hat do Bill Clinton
, Caroline Kennedy
, Anderson Cooper, Conrad N. Hilton
, various NPR stations across the country, Ms. Magazine
, The Washington Post
, and 60 Minutes
have in common? They’ve all featured the dynamic, grass-roots organization Women for Women International
within the past year. Sunday night, CNN’s Anderson Cooper reported in the CBS 60 Minutes
segment “War Against Women: The Use of Rape Against Women in the Congo Civil War.”
This grim piece revealed not only the systematic use of rape as a typical (!) weapon of terror against women and girls, but the crippled Congolese government’s inability to do anything to stop it. The impact on families and communities is as devastating and deadly as on the tortured rape victims who have little hope for their futures.
Enter Women for Women International, which provides “direct financial and emotional support” to women survivors of war. One survivor of the Congolese “rape epidemic” featured in the 60 Minutes
is composed of literal layers of devastation and despair—is now benefiting from WWI programs that teach life-changing skills such as how to read and write and run a business. The goal for every woman helped by WWI: economic self-sufficiency. The technique used: match willing sponsors who pay a $30 registration fee and then $27 a month to help a women survivor of war get the food and water and other basics she needs before she begins her training in life skills and then moves onto job skills and business management training. In short, WWI provides those who wish to help a simple, direct way to impact the lives of those in desperate need.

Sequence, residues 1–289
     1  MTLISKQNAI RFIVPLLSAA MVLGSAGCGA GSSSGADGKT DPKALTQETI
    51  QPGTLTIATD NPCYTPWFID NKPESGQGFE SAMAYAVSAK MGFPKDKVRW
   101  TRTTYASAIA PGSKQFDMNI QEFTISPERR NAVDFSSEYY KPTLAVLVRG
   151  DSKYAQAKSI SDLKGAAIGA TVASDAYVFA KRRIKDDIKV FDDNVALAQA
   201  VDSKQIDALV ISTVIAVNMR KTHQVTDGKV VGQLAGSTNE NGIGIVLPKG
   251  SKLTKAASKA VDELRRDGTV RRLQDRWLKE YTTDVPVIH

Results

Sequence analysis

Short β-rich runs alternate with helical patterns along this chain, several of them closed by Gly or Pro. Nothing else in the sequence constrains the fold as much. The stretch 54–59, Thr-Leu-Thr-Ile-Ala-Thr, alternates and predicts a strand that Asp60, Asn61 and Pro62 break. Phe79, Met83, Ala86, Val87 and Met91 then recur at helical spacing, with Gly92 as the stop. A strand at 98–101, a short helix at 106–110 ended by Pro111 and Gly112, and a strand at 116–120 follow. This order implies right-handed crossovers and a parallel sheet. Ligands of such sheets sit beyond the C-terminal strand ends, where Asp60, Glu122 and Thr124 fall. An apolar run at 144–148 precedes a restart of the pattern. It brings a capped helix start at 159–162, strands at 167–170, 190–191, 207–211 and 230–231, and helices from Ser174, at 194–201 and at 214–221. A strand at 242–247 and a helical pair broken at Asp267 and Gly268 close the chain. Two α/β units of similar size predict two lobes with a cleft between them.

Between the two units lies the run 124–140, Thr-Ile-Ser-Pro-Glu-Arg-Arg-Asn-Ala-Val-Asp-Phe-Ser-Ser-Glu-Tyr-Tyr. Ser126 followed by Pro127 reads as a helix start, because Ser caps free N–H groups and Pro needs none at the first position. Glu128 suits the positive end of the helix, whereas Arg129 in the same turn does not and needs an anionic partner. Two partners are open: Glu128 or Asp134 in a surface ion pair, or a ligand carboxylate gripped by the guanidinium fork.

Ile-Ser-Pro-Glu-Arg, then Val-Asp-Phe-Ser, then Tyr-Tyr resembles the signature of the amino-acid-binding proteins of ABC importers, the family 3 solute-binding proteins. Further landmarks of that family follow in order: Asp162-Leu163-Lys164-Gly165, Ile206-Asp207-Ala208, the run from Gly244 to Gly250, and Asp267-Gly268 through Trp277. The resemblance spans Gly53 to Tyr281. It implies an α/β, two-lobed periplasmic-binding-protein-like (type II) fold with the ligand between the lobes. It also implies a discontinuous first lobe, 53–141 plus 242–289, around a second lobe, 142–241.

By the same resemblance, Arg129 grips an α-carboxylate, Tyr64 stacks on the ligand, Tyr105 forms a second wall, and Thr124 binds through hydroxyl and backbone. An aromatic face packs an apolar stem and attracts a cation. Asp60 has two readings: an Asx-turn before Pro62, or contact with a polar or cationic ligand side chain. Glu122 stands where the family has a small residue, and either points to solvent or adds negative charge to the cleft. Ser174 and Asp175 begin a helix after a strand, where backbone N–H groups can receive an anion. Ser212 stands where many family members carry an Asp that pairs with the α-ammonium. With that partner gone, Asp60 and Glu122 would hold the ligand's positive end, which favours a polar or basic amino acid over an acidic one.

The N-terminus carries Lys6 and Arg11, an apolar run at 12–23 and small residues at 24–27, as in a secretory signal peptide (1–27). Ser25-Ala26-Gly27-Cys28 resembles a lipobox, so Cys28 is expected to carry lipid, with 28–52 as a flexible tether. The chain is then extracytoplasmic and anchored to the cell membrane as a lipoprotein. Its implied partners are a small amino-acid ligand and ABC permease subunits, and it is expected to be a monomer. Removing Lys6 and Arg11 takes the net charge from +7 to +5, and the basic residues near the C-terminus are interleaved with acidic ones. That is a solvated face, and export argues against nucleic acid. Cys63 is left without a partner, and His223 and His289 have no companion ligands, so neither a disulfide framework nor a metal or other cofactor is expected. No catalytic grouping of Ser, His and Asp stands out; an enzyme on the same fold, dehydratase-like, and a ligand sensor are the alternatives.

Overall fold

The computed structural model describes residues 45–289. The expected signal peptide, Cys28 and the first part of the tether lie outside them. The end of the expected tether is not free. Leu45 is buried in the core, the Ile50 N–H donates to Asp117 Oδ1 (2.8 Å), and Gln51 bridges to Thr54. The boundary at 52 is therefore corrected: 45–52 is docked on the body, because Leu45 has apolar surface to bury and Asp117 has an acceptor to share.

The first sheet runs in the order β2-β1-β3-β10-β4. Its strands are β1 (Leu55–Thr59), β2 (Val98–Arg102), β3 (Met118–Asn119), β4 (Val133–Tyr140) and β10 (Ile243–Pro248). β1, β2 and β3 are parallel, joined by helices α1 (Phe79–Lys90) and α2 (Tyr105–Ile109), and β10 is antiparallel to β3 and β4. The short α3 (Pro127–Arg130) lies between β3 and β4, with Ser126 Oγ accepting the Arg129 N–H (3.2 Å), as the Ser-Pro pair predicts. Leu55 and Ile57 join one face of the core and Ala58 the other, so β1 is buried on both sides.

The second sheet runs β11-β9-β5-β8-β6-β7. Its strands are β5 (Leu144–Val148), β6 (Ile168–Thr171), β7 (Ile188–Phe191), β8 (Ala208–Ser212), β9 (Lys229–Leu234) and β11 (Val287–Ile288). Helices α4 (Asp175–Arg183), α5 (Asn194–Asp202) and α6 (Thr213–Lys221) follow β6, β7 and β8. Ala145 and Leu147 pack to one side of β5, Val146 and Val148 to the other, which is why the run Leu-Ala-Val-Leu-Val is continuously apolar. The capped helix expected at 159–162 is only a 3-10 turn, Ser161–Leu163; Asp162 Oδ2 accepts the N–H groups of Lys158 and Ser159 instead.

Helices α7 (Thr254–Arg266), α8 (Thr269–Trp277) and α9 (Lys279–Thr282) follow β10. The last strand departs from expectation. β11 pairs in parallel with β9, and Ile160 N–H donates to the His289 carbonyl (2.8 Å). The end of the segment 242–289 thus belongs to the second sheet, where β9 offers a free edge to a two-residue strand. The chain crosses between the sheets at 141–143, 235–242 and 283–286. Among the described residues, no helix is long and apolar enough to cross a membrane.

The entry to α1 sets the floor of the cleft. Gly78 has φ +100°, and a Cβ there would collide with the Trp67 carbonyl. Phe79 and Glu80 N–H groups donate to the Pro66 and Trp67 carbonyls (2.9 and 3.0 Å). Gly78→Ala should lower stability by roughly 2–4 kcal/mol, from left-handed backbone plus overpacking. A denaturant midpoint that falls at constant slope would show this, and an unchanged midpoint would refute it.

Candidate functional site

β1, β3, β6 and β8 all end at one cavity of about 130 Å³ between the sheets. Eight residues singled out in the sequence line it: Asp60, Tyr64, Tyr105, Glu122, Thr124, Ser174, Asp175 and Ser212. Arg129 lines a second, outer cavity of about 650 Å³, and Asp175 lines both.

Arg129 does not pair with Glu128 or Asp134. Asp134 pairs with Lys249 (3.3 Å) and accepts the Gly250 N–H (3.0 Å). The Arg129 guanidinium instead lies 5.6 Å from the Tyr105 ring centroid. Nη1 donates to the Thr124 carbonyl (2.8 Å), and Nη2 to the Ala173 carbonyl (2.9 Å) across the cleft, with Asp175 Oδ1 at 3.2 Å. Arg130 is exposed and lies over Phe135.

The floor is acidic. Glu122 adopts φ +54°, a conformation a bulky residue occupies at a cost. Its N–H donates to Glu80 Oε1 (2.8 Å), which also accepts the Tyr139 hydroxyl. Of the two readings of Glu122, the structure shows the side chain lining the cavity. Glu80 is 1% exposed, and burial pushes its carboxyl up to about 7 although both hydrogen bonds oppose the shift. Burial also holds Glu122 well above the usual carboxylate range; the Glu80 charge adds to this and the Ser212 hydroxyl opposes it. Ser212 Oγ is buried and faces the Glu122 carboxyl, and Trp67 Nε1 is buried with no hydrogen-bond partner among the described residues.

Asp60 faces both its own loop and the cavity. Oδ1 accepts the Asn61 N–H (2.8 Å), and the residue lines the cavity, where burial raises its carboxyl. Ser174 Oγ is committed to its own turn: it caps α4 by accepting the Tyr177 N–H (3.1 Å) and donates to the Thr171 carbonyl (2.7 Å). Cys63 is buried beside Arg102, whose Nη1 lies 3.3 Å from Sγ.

Since 1993, WWI has helped more than 120,000 women in countries like the Democratic Republic of Congo, Afghanistan, Iraq, Rwanda, Kosovo…. As one woman in Congo is quoted on the WWI site, “This program has dared me to hope of having a house, of living in peace, of reclaiming my dynamism, my dignity…. I would like to be someone of value again.” No wonder so many people are taking note of this organization’s accomplishments and the efforts of its founder, Iraqi-American author and activist Zainab Salbi. I’ve yet to read up on Ms. Salbi’s full story (her books alone are amazing), but I’m looking forward to learning more about her. Thank goodness for her and the WWI but they can’t do it all alone; now that 60 Minutes has featured this organization’s tremendous work among the most desperate in the Congo, maybe soon we’ll hear what the rest of the world plans to do to help.